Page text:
unspeakable crimes What Happens After A Murder Happens In Your House? A Step By Step Guide  

April A Taylor
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As disturbing as it is to consider, there are more than 14,000 US homicide victims killed in their homes annually. You, a family member, a guest, or any stranger wandering onto your property is potentially at risk of assassination (not high risk, of course). So what do you do after a murder happens in your house? Unfortunately, there's a long list of complications and hurdles to jump through, regardless of whether or not you were even home when the murder occurred.

It will take an extensive amount of time to complete the many tasks related to a homicide on your property. There are investigative to-do lists and then the more practical aspects of moving forward. Heck, murder scenes are even business opportunities for cleaning companies. Worst case scenario, through no fault of your own, your house could become a stop on a famous murder locations tour

Best to be prepared for the worst, so read on to discover what happens when someone dies in your home because someone else got a little too homicidal.  

You'll Be Held For Questioning is listed (or ranked) 1 on the list What Happens After A Murder Happens In Your House? A Step By Step Guide
Photo: Dan Dickinson/flickr/CC-BY-NC 2.0

You'll Be Held For Questioning


When a murder happens at your house, it's natural for the police to have a few questions. As the homeowner, you'll almost certainly find yourself held for questioning. It doesn't especially matter if you were out of town or didn't even know the victim. The intention of these questions isn't just to determine if you know who the killer was, but if you can help spot clues on the property that could help solve the crime. If anyone you live with does end up being a suspect, expect numerous questions about their life and daily routine. Additionally, if you were at home at the time of the crime you may need to go in for questioning and can expect a much more intensive process.

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Photo: Bousure/flickr/CC-BY-NC-ND 2.0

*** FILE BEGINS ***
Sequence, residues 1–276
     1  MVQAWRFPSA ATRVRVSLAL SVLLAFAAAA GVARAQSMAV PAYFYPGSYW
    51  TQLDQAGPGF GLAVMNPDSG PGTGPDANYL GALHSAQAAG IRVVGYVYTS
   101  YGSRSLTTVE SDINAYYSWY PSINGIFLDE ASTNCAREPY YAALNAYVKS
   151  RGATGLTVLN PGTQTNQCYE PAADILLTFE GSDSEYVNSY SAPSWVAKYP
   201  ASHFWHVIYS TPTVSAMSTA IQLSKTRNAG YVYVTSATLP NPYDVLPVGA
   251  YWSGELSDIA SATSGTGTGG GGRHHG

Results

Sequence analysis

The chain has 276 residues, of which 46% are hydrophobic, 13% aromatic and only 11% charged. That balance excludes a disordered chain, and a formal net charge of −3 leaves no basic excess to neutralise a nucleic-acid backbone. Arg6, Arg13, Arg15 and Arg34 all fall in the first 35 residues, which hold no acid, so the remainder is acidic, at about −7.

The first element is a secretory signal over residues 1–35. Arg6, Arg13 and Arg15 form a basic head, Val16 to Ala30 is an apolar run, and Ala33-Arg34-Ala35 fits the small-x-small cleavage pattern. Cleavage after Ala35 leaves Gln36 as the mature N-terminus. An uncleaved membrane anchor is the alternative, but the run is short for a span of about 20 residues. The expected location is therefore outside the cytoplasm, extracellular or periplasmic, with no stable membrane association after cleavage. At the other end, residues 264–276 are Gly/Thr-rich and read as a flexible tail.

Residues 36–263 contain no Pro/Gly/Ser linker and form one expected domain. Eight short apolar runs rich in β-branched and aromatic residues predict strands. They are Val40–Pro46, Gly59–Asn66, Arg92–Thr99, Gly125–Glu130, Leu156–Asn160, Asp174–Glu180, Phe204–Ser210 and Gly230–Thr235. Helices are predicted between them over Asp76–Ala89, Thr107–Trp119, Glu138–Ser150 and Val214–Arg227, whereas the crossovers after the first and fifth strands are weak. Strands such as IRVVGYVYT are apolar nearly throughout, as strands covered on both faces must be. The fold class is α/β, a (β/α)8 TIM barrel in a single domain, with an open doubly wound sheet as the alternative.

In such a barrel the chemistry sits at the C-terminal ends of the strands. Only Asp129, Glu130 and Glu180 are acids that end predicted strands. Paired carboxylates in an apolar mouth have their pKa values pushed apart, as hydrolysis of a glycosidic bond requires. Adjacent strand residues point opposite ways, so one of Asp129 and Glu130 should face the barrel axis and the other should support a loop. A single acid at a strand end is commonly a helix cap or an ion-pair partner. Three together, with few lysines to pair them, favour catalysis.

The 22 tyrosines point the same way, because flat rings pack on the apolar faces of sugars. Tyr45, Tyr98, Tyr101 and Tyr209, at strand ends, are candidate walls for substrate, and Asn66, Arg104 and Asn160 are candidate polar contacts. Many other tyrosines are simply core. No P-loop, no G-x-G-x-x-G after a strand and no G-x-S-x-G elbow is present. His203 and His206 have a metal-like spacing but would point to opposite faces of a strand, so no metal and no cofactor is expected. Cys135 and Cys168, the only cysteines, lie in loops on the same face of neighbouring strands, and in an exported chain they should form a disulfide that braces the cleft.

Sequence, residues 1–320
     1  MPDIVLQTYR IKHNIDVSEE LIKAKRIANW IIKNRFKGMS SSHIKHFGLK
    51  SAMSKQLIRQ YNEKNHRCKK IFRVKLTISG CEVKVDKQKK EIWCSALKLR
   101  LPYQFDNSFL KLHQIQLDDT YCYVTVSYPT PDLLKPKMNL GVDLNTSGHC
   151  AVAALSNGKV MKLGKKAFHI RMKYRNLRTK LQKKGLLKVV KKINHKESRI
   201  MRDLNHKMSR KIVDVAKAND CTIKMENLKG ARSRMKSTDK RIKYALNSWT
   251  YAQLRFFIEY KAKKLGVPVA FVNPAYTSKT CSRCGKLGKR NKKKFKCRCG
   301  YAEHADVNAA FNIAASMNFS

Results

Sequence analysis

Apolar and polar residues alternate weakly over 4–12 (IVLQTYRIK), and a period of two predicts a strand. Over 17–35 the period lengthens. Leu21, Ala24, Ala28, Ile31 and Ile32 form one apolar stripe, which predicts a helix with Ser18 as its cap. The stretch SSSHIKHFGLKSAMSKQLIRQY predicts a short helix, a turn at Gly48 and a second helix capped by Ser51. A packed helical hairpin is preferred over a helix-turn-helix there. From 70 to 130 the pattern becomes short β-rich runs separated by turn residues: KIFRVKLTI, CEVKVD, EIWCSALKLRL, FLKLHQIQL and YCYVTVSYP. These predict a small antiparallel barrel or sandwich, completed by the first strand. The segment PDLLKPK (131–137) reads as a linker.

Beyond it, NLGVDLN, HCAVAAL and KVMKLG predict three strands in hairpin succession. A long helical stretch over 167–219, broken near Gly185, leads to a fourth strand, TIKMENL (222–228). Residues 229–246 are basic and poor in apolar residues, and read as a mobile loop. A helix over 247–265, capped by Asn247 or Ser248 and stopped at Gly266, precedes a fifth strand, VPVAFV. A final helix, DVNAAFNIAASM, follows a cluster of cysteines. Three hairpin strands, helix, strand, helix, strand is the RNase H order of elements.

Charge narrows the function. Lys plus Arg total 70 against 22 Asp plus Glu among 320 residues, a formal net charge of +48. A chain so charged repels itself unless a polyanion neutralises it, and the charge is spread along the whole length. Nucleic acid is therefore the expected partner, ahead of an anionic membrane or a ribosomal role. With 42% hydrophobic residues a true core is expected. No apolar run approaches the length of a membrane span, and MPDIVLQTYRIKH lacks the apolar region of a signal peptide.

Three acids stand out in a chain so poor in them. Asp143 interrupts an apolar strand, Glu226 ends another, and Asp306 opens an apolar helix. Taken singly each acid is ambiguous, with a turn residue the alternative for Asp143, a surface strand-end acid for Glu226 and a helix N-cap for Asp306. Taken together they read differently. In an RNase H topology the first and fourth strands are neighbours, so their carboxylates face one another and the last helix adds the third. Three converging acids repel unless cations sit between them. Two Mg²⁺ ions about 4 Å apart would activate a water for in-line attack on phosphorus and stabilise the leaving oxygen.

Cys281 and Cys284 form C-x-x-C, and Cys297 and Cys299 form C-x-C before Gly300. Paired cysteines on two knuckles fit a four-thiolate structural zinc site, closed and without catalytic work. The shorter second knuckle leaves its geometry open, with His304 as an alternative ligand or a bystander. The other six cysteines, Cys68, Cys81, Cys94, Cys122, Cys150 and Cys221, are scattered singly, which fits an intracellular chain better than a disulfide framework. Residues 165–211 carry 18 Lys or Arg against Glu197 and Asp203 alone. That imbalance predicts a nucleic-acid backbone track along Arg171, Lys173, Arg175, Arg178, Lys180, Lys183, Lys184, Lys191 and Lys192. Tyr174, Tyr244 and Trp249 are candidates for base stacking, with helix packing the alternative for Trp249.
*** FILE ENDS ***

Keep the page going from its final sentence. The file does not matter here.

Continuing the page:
You Won't Be Able To Remain In Your Home


Perhaps the biggest inconvenience associated with someone killing another person in your home is that you'll temporarily lose the right to live there. To make matters worse, you probably won't have the opportunity to gather any of your personal items. You may also suffer financially because it's common for homeowners to find themselves without any temporary housing assistance. If you're lucky, the police forensics investigation of the crime scene will only take a few hours. In some cases, though, this process can last several weeks, which will leave you displaced for an extended amount of time.  

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Your Privacy Will Be Invaded By The Media


Just turn on the evening news to get a sense at how much local and national media like to cover major crimes like murder. You may get reporters and camera crews all over your property, and this invasion of privacy may even happen again on the anniversary of the victim's death. In the early stages, you may be mentioned in news reports as the homeowner, which may unfairly connect you to the crime as the public is want to draw their own conclusions. Be prepared to possibly have cameras shoved in your face or reporters tailing you in the hopes of an exclusive interview. 

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You'll Find A Huge Mess When You're Allowed Back In


Prepare yourself for the shocking reality of finally returning to your home. Before you even walk through the front door, you're likely to see the signs that people have been all over your property. Inside, there's probably going to be a tremendous mess, ranging from EMS supplies to the grisly aftermath of the murder. Yes, you read that correctly. It's not the police department's responsibility to clean up the blood or other signs of debris.